Lost Boys

New research demolishes the stereotype of the underage sex worker—and sparks an outbreak of denial among child-sex-trafficking alarmists nationwide

Nine months later, Dank and Curtis had far surpassed their goal, completing interviews with 249 underage prostitutes. From that data, they were able to put a number on the total population of New York’s teen sex workers: 3,946.

Most astonishing to the researchers was the demographic profile teased out by the study. Published by the U.S. Department of Justice in September 2008, Curtis and Dank’s findings thoroughly obliterated the long-held core assumptions about underage prostitution:

• Nearly half of the kids—about 45 percent—were boys.

Details

EDITOR'S NOTE: Village Voice Media, which owns this publication, owns the classified site Backpage.com. In addition to used cars, jobs and couches, readers can also find adult ads on Backpage; for this reason, certain activists and clergy members have called attention to the site, sometimes going so far as to call for its closure.

Certainly we have a stake in this discussion. And we do not object to those who suggest an apparent conflict of interest. We sat quietly and did not respond as activists held symposiums across America—from Seattle to Miami—denouncing Backpage. Indeed, we were never asked for response.

But then we looked at the "science" behind many of these activists' claims, and the media's willingness, without question, to regurgitate a litany of incredible statistics. In the interest of a more informed discussion, we decided to write.

• Only 10 percent were involved with a “market facilitator” (e.g., a pimp).

• About 45 percent got into the “business” through friends.

• More than 90 percent were U.S.-born (56 percent were New York City natives).

• On average, they started hooking at age 15.

• Most serviced men—preferably white and wealthy.

• Most deals were struck on the street.

• Almost 70 percent of the kids said they’d sought assistance at a youth-service agency at least once.

• Nearly all of the youths—95 percent—said they exchanged sex for money because it was the surest way to support themselves.

In other words, the typical kid who is commercially exploited for sex in New York City is not a tween girl, has not been sold into sexual slavery, and is not held captive by a pimp.

Nearly all the boys and girls involved in the city’s sex trade are going it alone.

Ric Curtis and Meredith Dank were amazed by what their research had revealed. But they were completely unprepared for the way law-enforcement officials and child-advocacy groups reacted to John Jay’s groundbreaking study.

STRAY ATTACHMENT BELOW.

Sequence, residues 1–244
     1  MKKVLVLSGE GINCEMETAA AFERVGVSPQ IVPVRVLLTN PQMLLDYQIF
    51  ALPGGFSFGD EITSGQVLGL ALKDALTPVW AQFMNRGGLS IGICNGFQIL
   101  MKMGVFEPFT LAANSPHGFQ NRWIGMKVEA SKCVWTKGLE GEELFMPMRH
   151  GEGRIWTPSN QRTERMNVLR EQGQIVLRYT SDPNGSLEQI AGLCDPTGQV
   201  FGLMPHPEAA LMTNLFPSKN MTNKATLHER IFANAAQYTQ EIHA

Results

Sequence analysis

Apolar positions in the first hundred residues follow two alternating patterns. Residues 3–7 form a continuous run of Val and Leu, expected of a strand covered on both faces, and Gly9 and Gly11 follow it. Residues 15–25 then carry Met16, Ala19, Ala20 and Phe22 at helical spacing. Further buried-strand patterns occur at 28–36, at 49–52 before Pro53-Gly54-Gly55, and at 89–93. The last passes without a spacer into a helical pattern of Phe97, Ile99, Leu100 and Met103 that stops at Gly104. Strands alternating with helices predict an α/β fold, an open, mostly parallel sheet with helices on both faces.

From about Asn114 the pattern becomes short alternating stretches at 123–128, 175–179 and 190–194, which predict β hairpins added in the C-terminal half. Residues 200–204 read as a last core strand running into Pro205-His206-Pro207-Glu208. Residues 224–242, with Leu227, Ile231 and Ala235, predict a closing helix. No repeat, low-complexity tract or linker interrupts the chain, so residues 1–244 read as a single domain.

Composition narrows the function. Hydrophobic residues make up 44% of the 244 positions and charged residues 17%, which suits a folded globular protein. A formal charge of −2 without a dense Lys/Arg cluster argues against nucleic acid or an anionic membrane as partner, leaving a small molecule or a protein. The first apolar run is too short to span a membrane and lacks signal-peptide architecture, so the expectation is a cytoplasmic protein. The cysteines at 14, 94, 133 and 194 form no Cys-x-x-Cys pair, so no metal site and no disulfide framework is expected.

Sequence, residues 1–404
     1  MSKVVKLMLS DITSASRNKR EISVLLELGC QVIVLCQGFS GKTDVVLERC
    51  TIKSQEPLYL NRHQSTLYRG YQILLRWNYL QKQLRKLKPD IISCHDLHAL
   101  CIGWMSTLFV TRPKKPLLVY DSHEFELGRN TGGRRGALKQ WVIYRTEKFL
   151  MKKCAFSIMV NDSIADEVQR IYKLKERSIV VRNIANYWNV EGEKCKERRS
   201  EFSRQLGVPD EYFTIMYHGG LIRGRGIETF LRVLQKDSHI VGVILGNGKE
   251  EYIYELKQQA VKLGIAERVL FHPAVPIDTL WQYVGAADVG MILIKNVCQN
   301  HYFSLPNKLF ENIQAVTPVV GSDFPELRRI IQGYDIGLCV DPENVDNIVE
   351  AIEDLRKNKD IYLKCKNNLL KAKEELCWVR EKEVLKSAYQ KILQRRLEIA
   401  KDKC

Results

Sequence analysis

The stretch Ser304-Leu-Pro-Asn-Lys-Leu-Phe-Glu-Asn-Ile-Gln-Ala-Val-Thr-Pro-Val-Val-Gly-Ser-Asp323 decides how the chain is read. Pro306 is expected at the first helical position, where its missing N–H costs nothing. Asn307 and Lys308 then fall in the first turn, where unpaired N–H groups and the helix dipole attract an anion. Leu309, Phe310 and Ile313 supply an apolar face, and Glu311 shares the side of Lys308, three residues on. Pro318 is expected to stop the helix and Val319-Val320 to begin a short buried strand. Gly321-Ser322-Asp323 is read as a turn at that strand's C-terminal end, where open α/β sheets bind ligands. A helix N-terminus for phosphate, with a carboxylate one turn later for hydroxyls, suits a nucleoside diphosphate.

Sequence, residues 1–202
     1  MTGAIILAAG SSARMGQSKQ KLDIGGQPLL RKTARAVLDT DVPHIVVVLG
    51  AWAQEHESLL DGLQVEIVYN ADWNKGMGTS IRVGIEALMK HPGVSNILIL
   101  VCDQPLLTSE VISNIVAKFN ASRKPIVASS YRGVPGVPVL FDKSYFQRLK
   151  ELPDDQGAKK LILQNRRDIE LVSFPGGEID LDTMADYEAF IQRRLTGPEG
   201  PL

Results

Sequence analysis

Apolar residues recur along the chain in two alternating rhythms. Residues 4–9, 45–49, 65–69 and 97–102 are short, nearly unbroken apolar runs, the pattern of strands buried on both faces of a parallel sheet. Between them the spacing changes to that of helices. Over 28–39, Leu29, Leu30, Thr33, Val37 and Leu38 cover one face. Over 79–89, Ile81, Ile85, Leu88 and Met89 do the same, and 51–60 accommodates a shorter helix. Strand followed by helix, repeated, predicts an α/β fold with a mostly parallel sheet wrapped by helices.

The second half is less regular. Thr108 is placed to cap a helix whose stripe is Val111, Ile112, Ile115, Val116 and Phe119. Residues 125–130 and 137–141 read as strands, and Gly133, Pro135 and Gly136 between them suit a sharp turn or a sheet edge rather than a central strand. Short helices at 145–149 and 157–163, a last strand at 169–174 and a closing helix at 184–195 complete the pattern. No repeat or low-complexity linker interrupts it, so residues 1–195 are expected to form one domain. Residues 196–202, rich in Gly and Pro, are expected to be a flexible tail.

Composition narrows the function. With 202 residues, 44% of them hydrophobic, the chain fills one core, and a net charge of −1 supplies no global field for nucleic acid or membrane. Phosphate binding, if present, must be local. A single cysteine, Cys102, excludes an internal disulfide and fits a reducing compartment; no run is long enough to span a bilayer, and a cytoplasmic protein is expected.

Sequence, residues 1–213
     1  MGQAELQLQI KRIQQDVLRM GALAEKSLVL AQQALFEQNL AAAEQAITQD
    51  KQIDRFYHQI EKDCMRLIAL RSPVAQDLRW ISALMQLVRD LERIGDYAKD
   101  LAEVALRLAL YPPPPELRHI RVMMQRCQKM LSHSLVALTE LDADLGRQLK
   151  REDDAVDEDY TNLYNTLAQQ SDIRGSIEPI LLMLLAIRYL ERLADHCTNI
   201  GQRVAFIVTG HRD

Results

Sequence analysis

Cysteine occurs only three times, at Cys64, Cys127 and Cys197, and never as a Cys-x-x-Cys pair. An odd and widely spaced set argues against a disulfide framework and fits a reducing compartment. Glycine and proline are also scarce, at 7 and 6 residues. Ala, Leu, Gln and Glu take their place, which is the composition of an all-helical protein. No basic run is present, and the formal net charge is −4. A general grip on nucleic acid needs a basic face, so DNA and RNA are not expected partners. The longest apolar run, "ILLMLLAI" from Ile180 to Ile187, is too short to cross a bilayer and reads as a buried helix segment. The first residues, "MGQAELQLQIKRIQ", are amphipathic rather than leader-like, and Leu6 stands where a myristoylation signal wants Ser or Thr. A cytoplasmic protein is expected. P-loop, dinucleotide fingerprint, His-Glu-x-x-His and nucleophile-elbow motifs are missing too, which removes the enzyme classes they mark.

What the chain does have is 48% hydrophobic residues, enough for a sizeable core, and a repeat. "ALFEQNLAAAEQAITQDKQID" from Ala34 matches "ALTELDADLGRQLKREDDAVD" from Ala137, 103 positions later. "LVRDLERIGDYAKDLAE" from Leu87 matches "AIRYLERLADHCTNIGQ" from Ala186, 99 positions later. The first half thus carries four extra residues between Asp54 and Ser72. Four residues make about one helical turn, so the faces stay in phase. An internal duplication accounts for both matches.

“I remember going to a meeting in Manhattan where they had a lot of prosecutors there whose job was to prosecute pimps,” Curtis recalls. “They were sort of complaining about the fact that their offices were very well staffed but their workload was—not very daunting, let’s say. They had a couple cases, and at every meeting you go to, they’d pull out the cherry-picked case of this pimp they had busted, and they’d tell the same story at every meeting. They too were bothered by the fact that they couldn’t find any pimps, any girls.

“So I come along and say, ‘I found 300 kids’—they’re all perky—but then I say, ‘I’m sorry, but only 10 percent had pimps.’

“It was like a fart in church. Because basically I was saying their office was a waste of time and money.”

Jay Albanese, a criminologist at Virginia Commonwealth University who headed up the Justice Department’s research arm for four years, says the findings of the John Jay study are among the most interesting he has seen.

“Whether you are a kid or an adult, the issue becomes: To what extent is this voluntary?” Albanese says. “Because you make more money in this than being a secretary? Or because you really have no choices—like, you’re running from abuse or caught up in drugs? The question becomes: If Curtis is correct, what do we do with that 90 percent? Do we ignore it? How hard do we look at how they got into that circumstance? You could make the case that for the 90 percent for whom they couldn’t find any pimping going on—well, how does it happen?

“It’s a very valid question,” Albanese continues. “A policy question: To what extent should the public and the public’s money be devoted to these issues, whether it’s child prostitution or child pimping?”

The Federal Bureau of Investigation is the only agency that keeps track of how many children the legal system rescues from pimps nationwide. The count, which began in June 2003, now exceeds 1,600 as of April of this year, according to the FBI’s Innocence Lost website [http://www.fbi.gov/about-us/investigate/vc_majorthefts/cac/innocencelost]—an average of about 200 each year.

Through interviews and analysis of public records, Village Voice Media has found that the federal government spends about $20 million a year on public awareness, victims’ services, and police work related to domestic human trafficking, with a considerable focus on combating the pimping of children. An additional $50 million-plus is spent annually on youth homeless shelters, and since 1996, taxpayers have contributed a total of $186 million to fund a separate program that provides street outreach to kids who might be at risk of commercial sexual exploitation.

That’s at least $80 million doled out annually for law enforcement and social services that combine to rescue approximately 200 child prostitutes every year.

These agencies might improve upon their $400,000-per-rescued-child average if they joined in the effort to develop a clearer picture of the population they aim to aid. But there’s no incentive for them to do so when they stand to rake in even more public money simply by staying the course.

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